This week's question & answer is from the “Ask the Doctor” page of the Hunter-Hopkins Center site (DrLapp.com). It is reproduced with kind permission of clinic director Charles W. Lapp, MD.
Is CFS/ME/FM An Immune Disorder?
Posted June 14, 2012 by Dr. Lapp
Q: …“I often get conflicting answers to this question. Is CFS/ME/FM an autoimmune disease?”
A: …“I don’t mean to conflict you further but the answer is “yes, and no.” Autoimmunity is certainly part of the CFS/ME/FM conundrum, but the disorder also affects the central nervous system, endocrine system, the muscles, and other areas.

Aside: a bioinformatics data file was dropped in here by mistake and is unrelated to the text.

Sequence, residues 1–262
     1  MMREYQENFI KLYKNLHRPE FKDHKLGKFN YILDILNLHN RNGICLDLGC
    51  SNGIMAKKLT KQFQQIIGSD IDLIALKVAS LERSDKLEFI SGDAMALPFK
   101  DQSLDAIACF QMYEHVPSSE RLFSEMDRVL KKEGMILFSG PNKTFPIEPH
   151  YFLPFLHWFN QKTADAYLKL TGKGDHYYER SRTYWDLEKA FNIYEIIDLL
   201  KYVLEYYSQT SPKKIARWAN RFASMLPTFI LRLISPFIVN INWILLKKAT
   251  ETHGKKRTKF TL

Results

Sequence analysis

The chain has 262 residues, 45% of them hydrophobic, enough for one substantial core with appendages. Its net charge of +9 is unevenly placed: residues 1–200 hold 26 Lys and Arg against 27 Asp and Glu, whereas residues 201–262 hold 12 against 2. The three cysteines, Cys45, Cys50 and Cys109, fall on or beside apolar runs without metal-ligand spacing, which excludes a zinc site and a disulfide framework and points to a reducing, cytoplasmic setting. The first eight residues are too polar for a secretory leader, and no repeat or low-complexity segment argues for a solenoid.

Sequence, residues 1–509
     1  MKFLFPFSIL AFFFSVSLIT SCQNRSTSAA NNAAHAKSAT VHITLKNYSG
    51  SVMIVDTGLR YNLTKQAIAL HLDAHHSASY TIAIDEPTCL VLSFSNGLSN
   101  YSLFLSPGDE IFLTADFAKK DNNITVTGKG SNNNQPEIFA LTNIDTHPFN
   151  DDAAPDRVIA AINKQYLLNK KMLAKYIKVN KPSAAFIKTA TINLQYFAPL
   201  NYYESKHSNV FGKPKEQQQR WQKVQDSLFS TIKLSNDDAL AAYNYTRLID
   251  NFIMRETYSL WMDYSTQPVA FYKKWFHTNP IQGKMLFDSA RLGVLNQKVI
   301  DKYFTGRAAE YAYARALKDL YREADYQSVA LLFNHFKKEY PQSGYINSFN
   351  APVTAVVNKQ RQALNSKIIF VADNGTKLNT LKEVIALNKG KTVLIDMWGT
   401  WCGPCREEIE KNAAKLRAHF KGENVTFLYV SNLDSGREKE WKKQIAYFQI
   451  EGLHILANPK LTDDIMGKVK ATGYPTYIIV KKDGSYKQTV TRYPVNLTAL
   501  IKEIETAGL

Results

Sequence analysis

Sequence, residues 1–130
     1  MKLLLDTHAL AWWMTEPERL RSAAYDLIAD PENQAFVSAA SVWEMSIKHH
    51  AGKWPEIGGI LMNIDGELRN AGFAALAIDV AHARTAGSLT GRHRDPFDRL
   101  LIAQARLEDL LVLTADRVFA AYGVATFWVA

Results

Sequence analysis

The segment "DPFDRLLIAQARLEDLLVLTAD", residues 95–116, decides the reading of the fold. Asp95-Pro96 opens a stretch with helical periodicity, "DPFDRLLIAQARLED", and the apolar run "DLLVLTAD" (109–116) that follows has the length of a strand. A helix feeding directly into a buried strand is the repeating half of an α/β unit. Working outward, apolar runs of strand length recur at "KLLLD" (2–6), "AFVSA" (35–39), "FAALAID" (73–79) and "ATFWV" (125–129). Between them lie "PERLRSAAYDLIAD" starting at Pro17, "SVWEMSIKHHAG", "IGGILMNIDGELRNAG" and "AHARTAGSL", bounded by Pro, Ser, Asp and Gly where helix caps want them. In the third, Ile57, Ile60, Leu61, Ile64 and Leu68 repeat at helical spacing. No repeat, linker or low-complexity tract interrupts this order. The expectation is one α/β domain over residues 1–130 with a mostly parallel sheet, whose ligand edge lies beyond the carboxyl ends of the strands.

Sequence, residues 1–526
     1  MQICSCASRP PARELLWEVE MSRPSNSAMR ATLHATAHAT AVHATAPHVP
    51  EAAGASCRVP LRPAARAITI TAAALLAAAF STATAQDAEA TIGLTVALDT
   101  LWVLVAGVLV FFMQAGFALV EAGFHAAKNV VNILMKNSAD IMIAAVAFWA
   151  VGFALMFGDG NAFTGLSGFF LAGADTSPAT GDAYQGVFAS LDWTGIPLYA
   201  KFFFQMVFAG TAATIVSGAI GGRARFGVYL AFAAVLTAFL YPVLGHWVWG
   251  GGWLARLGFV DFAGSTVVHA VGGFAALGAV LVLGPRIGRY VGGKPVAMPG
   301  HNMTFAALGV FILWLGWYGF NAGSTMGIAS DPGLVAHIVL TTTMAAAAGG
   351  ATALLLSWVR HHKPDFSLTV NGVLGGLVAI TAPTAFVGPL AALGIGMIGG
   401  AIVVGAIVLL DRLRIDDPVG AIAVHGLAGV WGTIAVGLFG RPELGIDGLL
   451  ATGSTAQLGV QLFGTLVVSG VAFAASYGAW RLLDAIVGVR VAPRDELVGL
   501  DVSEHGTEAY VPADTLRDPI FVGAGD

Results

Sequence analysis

Some of the first abnormalities noted in PWCs [people with CFS] were immunological in origin, namely an increased incidence of autoantibodies, low immunoglobulins, poor NK cell activity, activated T-cells (CD8/CD38), up-regulation of the 2’5’ synthetase system, and excess cytokine production. (References: Landay; Barker; Caligiuri; Klimas; Herberman; Suhadolnik; De Meirleir; Patarca; Moss; Kerr.)
As a result the majority of PWCs have anti-nuclear antibodies, and antibodies directed against thyroid and parietal cells are not uncommon.
This led to the 1992 grassroots movement to rename CFS to CFIDS, or Chronic Fatigue Immune Dysfunction Syndrome.